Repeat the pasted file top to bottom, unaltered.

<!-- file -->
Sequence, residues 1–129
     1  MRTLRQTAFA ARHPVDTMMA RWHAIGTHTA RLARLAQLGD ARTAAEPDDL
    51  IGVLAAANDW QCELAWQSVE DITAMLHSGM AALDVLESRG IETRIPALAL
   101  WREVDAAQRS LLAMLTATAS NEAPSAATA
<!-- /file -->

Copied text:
Sequence, residues 1–129
     1  MRTLRQTAFA ARHPVDTMMA RWHAIGTHTA RLARLAQLGD ARTAAEPDDL
    51  IGVLAAANDW QCELAWQSVE DITAMLHSGM AALDVLESRG IETRIPALAL
   101  WREVDAAQRS LLAMLTATAS NEAPSAATA